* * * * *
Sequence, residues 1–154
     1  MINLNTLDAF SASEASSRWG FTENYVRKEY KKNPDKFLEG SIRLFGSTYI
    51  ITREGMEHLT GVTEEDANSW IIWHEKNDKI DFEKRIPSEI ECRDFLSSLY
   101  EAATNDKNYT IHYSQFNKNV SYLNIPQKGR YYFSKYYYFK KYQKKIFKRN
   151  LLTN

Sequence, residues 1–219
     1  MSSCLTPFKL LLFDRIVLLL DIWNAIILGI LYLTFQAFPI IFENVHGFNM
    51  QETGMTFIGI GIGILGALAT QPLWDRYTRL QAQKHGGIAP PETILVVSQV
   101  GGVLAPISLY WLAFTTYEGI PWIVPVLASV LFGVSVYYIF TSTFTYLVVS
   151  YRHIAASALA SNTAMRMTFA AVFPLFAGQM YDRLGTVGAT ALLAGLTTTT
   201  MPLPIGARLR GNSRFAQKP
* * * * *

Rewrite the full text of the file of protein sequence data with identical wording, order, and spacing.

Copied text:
Sequence, residues 1–154
     1  MINLNTLDAF SASEASSRWG FTENYVRKEY KKNPDKFLEG SIRLFGSTYI
    51  ITREGMEHLT GVTEEDANSW IIWHEKNDKI DFEKRIPSEI ECRDFLSSLY
   101  EAATNDKNYT IHYSQFNKNV SYLNIPQKGR YYFSKYYYFK KYQKKIFKRN
   151  LLTN

Sequence, residues 1–219
     1  MSSCLTPFKL LLFDRIVLLL DIWNAIILGI LYLTFQAFPI IFENVHGFNM
    51  QETGMTFIGI GIGILGALAT QPLWDRYTRL QAQKHGGIAP PETILVVSQV
   101  GGVLAPISLY WLAFTTYEGI PWIVPVLASV LFGVSVYYIF TSTFTYLVVS
   151  YRHIAASALA SNTAMRMTFA AVFPLFAGQM YDRLGTVGAT ALLAGLTTTT
   201  MPLPIGARLR GNSRFAQKP